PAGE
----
Re: Bringing home new puppy

    Didn't intend to be so domineering on this thread - everything anyone posted, though, reminded me of something else!  And, I had such a hard time for the first 6 months there were days DH would come and ask, "Did you have fun with the puppy today?!"  And, I'd respond by breaking down in tears, "No.  No, I didn't."  So, if anyone asks for help before bringing home a first time pup, I can't help but ramble with all I learned.  Everyone has great advice here!!!  And, it was the help of the Pets community that got me through those puppy months with my sanity and a good dog that I love soooo much. 
     
  19. You have chosen to ignore posts from minipup. Show minipup's posts

    Re: Bringing home new puppy

    Wow, thank you all SO MUCH. I sure have a lot of work ahead of me. I am planning on crate training and there will be absolutely no sleeping in our bed, as I have heard that can cause confusion to the dog on who is the dominant one in the household. I am getting a miniature schnauzer, which is a terrier breed, and they are known to be extremely stubborn is training is not started right away. However, they are known to want to please their owners to the best of their abilities, and they are very intelligent dogs. I am hoping that I know what I am doing and with help from this board, books, trainers and friends with dogs, I will have a great dog.

    One thing I know that will be hard for me is hearing him whining/crying in his crate when he is upset. How did you guys get thru that? I know I can not run to him and comfort him when he does this. I also know that the first couple of months is going to be really hard, especially at night and when I leave him, because he will be upset, scared, confused, etc. When they are left alone in their crate, do they eventually know how to calm themselves down? I really don't want to have a constant guilt feeling. Any advice on this would be extremely helpful.

    Also, about food. I am very, very adamant about NO table scraps and healthy dog food. What brands do you all recommend? I've heard good things about Blue Buffalo. Miniature schnauzer's need a diet that consists of low fat and low protein due to cysts that can build up in their liver.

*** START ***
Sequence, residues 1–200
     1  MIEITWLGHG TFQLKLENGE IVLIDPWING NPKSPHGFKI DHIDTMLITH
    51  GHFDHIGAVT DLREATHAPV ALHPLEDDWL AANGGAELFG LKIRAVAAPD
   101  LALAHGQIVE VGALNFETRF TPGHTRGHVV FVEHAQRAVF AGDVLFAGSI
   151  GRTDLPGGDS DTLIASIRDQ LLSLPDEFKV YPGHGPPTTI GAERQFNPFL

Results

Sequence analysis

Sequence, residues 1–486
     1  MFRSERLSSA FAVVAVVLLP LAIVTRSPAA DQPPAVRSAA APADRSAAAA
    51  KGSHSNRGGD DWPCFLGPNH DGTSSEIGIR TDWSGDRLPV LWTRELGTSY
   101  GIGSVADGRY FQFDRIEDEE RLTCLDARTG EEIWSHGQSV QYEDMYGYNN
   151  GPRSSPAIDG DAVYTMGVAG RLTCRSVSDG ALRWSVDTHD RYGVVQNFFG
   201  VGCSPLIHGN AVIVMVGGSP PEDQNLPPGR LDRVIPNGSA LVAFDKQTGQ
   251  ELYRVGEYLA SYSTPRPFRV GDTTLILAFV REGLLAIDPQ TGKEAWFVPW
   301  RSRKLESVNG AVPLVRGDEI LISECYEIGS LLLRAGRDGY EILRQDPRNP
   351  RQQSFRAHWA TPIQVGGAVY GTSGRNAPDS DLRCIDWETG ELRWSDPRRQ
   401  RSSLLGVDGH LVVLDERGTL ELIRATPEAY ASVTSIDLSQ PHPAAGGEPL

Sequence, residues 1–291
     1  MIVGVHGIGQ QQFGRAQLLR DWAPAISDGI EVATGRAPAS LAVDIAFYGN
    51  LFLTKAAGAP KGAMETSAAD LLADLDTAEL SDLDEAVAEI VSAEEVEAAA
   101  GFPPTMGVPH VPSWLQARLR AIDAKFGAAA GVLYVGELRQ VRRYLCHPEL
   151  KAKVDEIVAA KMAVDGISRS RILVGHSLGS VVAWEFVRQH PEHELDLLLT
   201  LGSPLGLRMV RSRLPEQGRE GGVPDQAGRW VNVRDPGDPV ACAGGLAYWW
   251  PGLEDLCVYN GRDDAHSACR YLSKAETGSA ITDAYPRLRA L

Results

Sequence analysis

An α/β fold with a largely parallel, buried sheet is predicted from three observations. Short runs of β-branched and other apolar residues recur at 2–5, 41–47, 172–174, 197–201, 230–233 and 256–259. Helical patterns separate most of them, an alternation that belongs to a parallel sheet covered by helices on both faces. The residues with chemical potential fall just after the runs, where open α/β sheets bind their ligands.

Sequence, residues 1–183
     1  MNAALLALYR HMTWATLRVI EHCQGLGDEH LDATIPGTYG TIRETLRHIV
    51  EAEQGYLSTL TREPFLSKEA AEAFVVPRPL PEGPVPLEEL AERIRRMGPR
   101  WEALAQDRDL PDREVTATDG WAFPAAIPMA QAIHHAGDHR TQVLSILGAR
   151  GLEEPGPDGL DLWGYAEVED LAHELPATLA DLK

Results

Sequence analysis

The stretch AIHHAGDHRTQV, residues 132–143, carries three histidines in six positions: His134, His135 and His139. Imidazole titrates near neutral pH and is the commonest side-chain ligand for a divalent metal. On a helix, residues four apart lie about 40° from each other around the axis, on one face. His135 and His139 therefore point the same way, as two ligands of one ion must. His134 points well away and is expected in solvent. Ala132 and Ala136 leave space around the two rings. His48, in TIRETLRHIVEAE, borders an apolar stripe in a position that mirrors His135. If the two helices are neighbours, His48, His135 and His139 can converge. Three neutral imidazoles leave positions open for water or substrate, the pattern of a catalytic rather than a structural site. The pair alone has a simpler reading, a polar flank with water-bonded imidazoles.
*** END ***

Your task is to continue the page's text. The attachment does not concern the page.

This has been beyond helpful, and Kargiver, I actually did print out your advice, in case I am ever freaking out and need a quick run to. And Gracie is just gorgeous!
     
  20. You have chosen to ignore posts from kargiver. Show kargiver's posts

    Re: Bringing home new puppy

    About the whining in the crate.  First of all, believe me, if you do it RIGHT the whining to attempt to imediately be let out will only last a short time because your little pup will come to appreciate his den.

    How to get through it while it does last?  Well, I have to admit, I actually cried and am seriously getting choked up now thinking about it.  BUT, she never knew it.  I calmly and gently (not a "correction") said, "Settle down" on the advice of our trainer so that Gracie would understand we heard her.  After 3 times of saying "Settle down," go about your business letting it whine if it wants.  Eventually, he'll give up and learn what "Settle down" means. 

    Yes, it broke my heart, but I stayed strong and learned to ignore her because I KNEW that if I caved and let her out I'd have one of those dogs that hates their crate, whining and crying until they are let out FOREVER.

    If you can picture your dog happy and comfortable, even taking naps on their own with the door open someday (soon), you can be strong through the intial whining phase.  Also, picturing the opposite - a constantly whining, miserable dog - for caving, you can also be strong.  We all know people whose dogs hate their crates, and it's actually instinctually something they should be driven genetically to love.

    Letting them whine and allowing them to emotionally work it out for themselves and actually settle themselves down all by themselves is a GIFT you will be giving your dog to be able to self calm.  You will not always be there to comfort or play with them, and if you thwart their learning process regarding how to deal with that you'll have a neurotic dog that needs you every waking moment.  Which, you might think is cute, but the fact is your dog is going to live 12 - 18 years.  You don't want them so dependent on you and your attention that they are miserable and unable to be content by themselves.